Blog Archives

Blackbird

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Our Lady of the Dust, Yuma Pioneer Cemetery, Yuma, Arizona
 


Blackbird on the wing,
how many songs of sorrow
are there yet to sing?

 
Haiku and photo © 2015 by Magical Mystical Teacher
 
More Twelve Days of Mary

Seeking Sugar

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~~ 1 ~~
 
last year’s ornaments
still shining in their splendor
for a few more hours—
a luxury to see them
among the pots and kettles
 
~~ 2 ~~
 
Where do they come from,
these poems at break of day,
wild as mists rising
high above the balcony?
Even ravens flap away.
 
~~ 3 ~~
 
brown wicker hampers
with dirty clothes poking out
spilling to the floor—
you’ve seen them in apartments
where the water’s been shut off
 
~~ 4 ~~
 
Behind closed windows
someone is brewing coffee—
a curtain flutters
and dancing daydreams scatter
like a flock of frightened hens.
 
~~ 5 ~~
 
Even coming twice
the horses seeking sugar
do not get enough
to satisfy their hunger—
they press against the railing.
 
~~ 6 ~~
 
Whose old singing voice
nestles in the empty pot
in front of the redbrick wall?

 
Tanka and haiku © 2015 by Magical Mystical Teacher
 
 
More Poetry Pantry #271
 
More Sunday’s Whirligig #26

Ocotillo

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Ocotillo, blossoming after winter rains, Anza-Borrego Desert State Park, Southern California
 


After winter rain,
even the ocotillos
seem to sing for joy.

 
Text and photo © 2015 by Magical Mystical Teacher
 
More Carpe Diem
 
More Ruby Tuesday Too

Ocotillo

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Ocotillo, greening after winter rains, Anza-Borrego Desert State Park, Southern California
 


After winter rains,
even the ocotillo
seems to sing for joy.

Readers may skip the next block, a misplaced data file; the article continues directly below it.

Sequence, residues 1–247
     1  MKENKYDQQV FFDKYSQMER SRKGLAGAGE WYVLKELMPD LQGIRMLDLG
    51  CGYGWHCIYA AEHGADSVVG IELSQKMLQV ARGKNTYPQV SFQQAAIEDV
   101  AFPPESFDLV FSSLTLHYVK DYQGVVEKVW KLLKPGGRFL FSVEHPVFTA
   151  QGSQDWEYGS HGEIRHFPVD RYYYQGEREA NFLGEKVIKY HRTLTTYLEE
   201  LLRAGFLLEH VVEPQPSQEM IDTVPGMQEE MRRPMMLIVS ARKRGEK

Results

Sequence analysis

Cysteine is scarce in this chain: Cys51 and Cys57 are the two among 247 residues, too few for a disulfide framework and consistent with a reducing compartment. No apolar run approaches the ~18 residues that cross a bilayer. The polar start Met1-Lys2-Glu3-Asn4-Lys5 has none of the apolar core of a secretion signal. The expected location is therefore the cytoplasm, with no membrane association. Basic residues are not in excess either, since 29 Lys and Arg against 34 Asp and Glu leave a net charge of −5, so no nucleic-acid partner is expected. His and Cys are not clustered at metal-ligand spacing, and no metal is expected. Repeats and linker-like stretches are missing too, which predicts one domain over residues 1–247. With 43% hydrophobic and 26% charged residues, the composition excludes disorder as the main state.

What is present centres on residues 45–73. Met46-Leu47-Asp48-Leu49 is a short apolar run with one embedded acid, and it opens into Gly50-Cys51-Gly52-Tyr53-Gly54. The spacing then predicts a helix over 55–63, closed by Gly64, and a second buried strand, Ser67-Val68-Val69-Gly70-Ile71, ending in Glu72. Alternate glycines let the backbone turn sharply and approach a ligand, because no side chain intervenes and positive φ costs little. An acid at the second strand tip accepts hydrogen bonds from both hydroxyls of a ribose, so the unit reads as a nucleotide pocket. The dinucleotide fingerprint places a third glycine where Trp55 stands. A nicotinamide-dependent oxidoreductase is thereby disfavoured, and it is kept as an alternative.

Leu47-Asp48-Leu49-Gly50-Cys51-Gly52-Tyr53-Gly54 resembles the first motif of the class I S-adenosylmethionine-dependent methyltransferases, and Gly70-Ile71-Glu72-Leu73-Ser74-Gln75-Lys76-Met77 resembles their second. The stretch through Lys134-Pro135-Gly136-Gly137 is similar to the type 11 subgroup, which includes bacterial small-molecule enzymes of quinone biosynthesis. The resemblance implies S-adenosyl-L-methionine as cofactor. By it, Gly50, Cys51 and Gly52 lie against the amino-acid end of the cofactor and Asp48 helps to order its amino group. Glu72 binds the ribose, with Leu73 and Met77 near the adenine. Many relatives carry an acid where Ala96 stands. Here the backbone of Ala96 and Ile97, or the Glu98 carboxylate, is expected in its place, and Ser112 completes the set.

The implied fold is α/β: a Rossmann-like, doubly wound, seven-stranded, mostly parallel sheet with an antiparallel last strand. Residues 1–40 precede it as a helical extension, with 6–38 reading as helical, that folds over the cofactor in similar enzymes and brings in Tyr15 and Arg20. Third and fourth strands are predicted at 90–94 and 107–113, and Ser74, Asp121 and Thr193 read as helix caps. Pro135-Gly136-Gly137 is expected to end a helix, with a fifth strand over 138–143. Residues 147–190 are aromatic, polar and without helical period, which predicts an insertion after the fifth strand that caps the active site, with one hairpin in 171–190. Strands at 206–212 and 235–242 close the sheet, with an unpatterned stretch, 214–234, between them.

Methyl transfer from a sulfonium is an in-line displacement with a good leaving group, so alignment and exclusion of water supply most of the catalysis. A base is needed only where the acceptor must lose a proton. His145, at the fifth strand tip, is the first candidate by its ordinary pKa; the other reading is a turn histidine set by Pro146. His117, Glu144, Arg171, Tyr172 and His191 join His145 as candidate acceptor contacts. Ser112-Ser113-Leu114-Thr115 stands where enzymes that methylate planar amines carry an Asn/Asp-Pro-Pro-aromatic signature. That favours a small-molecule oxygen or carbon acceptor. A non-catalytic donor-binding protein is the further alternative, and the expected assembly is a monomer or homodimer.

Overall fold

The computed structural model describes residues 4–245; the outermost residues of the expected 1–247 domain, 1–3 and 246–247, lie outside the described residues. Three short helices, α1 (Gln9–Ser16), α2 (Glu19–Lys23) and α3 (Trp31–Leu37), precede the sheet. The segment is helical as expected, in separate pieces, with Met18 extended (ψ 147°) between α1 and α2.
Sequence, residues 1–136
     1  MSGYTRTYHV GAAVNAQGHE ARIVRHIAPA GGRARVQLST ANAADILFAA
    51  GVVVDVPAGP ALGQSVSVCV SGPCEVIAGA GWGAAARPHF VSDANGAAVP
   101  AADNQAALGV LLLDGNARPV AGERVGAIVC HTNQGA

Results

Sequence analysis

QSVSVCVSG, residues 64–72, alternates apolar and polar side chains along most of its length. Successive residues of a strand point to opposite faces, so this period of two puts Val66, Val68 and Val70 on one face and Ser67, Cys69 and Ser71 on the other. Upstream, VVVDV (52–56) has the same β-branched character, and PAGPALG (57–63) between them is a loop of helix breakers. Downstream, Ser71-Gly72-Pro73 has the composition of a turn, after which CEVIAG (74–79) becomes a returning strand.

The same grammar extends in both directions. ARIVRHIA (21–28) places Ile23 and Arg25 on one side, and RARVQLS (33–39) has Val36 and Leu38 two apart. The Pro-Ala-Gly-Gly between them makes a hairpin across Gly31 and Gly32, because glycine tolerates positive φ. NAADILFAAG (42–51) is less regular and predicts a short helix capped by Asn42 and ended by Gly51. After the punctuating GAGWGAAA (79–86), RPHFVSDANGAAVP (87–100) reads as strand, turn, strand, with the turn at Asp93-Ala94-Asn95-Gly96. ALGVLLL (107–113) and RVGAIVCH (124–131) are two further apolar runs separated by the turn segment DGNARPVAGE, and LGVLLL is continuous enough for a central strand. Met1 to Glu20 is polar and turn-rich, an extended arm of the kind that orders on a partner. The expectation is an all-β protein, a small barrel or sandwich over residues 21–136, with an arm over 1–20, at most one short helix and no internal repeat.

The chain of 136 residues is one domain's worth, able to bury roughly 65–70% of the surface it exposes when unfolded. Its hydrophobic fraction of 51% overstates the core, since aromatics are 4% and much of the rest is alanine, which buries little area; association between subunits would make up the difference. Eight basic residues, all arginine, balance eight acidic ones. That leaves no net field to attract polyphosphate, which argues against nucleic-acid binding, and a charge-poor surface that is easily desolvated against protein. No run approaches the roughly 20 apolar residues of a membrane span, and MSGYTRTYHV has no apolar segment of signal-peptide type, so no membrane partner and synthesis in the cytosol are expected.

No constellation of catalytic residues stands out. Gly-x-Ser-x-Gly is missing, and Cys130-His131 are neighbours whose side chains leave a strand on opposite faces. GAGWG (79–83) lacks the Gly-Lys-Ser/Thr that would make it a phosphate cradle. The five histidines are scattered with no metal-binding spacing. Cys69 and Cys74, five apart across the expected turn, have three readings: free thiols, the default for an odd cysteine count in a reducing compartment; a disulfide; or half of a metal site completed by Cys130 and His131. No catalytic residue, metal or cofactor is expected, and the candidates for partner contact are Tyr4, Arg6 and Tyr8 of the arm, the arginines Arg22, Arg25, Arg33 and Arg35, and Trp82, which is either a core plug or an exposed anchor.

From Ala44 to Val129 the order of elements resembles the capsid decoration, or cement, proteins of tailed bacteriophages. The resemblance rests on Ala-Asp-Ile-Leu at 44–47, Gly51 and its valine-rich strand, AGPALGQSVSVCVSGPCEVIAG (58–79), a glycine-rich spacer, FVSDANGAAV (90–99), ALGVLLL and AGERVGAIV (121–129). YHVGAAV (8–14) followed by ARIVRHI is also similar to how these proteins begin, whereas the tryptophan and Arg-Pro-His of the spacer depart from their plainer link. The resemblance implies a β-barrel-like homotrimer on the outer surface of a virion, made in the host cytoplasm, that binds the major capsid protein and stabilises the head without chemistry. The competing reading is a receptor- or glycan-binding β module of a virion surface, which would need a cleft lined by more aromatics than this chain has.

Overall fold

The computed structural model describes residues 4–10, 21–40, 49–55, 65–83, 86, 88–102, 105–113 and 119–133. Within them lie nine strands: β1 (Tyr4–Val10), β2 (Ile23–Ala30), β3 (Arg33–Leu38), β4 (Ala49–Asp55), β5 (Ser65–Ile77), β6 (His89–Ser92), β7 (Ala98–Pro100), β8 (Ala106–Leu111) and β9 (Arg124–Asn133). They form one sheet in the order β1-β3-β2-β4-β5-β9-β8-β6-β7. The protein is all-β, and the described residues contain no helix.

Text and photo © 2015 by Magical Mystical Teacher
 
More SkyWatch Friday
 
More Haiku My Heart at Recuerda Mi Corazon

Whirling in the New Year

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~~ 1 ~~
 
filling with shadows
little mountainside shelter
lays claim to the night
 
~~ 2 ~~
 
a stand of lime trees
dedicated to the bee
and all her helpers
 
~~ 3 ~~
 
burying the dead
after the revolution—
no one knows their names
 
~~ 4 ~~
 
flipping tortillas
abuela begins to sing
thanks to Corn Maiden
 
~~ 5 ~~
 
the sudden raging
of her old belief in God—
three harsh commandments
 
~~ 6 ~~
 
Smallpox and typhus—
she takes a turn for the worse,
while the angels stare.
 
~~ 7 ~~
 
nothing but cacti
featured in the rug’s design—
weaver’s little joke
 
~~ 8 ~~
 
Ethereal chimes
from seven little chapels
ring in the new year.
 
~~ 9 ~~
 
after ten winters
her resolve to move southward—
inexorable
 
~~ 10 ~~
 
gate to the orchard—
she comes each day at twilight
to shine the hinges
 
~~ 11 ~~
 
her survival kit—
time to review the contents
and add or subtract
 
~~ 12 ~~
 
the road into town
where he hopes to win a doll
at the carnival

 
© 2015 by Magical Mystical Teacher
 
 
More Poetry Pantry #233
 
More The Sunday Whirl, Wordle 194

Puddles

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Cistern at an abandoned house, Southern Arizona
 


the puddles on the pavement
carry the moon, the stars
and cherry blossoms


Who shall sing to the cistern
of all the things it has lost?

*Opening gambit © by Hando (Fr. Thomas Hand)
 
Final two lines and photo © 2013 by Magical Mystical Teacher
 
More Straight Out of the Camera Sunday
 
More Carpe Diem: “Puddles on the Pavement”

To Build a Poem

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To build a poem, you need stones—
some call them words—
and you need the right ones.
Some, like seditious and tremor, are not suitable;
they will crumble in your hands like old mortar—
it’s no use trying to build with them.
Set them aside and choose something else,
something simple, yet sturdy and enduring,
something you will still be proud to hold
twenty or fifty years from now.
Choose words of granite.
 
In building a poem, you undertake a sacred task,
let no one hinder you;
no stigma can be attached to those who choose
each word with care.
Remember: The nether regions are filled with those
whose work is shoddy and sporadic—
cast in plaster, not carved in stone—
be not one of them.
 
Pledge to me—or to yourself, at least—
that you will not enmesh your work in words
that waste away to dust at the merest touch,
but that you will choose words that dance and chant and sing of all that is holy.
Then you will be able to show us the single tuft of grass gracing the desert wash,
and the fire of mercy blazing down from ten thousand-thousand stars.

 
 

© 2013 by Magical Mystical Teacher
 
More Sunday Scribblings: “Poem”